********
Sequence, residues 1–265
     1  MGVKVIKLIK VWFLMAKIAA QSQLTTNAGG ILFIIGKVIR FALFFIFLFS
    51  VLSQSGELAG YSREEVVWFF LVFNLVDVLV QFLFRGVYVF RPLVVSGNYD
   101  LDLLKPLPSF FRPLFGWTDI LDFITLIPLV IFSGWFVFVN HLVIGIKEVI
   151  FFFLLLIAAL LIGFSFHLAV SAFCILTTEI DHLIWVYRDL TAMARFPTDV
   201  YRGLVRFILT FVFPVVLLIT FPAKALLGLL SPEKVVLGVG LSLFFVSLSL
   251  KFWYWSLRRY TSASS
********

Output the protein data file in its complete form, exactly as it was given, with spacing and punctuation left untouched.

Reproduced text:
Sequence, residues 1–265
     1  MGVKVIKLIK VWFLMAKIAA QSQLTTNAGG ILFIIGKVIR FALFFIFLFS
    51  VLSQSGELAG YSREEVVWFF LVFNLVDVLV QFLFRGVYVF RPLVVSGNYD
   101  LDLLKPLPSF FRPLFGWTDI LDFITLIPLV IFSGWFVFVN HLVIGIKEVI
   151  FFFLLLIAAL LIGFSFHLAV SAFCILTTEI DHLIWVYRDL TAMARFPTDV
   201  YRGLVRFILT FVFPVVLLIT FPAKALLGLL SPEKVVLGVG LSLFFVSLSL
   251  KFWYWSLRRY TSASS